As a huge fan of Johanna Basford’s artwork, I placed a photo of a page from her book The Secret Garden into a new idea and traced/colored it with Paper’s tools. I then deleted the photo and was left with this. If you want to color it, it is here on Mix. One of my favorite Mixers, Robin B., kindly provided a lightened version of the image, which is easier to trace over.
Here are some fall-inspired palettes I created by another mixer’s request. I’ll probably add these as exclusives to Color Hex soon.
Before the update was released, I was actually very busy. In celebration of 1K remixes, I posted a free request form as a gift to my followers. I was a little afraid at first, because I’ve witnessed other Mixers get overwhelmed in the past. I received a lot more requests than I anticipated, but I also got around to fulfilling a lot more than I expected too, and actually had fun with it. What you see in this gif (above) is just a sampling — you can take a look at my profile and see the sixty names I hand lettered. Free requests are now closed, but if you want me to hand letter your name, commissions are always open! Check out the requests page.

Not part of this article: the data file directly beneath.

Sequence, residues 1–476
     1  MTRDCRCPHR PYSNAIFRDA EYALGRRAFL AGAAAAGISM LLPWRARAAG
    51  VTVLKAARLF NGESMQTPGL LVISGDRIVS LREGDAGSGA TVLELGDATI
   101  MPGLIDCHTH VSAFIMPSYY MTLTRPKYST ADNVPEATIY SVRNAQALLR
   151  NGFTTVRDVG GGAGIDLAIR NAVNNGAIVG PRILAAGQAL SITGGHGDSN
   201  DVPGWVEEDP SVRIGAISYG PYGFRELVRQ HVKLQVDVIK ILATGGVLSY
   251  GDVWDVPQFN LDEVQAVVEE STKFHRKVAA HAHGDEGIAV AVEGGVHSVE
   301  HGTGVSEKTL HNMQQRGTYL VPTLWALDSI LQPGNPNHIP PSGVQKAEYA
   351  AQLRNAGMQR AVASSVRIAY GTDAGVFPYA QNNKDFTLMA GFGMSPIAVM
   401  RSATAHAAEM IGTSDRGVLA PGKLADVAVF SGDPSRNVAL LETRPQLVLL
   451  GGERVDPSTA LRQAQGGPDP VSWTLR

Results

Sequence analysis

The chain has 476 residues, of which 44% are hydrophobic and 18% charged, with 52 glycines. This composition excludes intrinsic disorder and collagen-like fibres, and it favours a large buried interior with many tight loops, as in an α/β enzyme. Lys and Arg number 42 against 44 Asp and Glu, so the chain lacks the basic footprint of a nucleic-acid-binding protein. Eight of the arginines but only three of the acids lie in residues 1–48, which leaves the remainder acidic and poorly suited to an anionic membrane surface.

Sketchnoting on Mix
Finally, I just wanted to spread the word that mixer Mauro Toselli is creating a Sketchnote Workshop in Mix! Of course it’s free, and it sounds like a great idea. If you don’t know what Sketchnoting is or if you do and you’re a fan, you might want to join in! The ideas for the Workshop will be posted starting Monday, September 21. Stay tuned! In the future I plan on posting an article all about Sketchnotes.
If you have an iPad, give Paper a shot! It’s free!
Recently, 53 released Version 3 of Paper, and the app has undergone drastic changes, so it’s due for an all new review.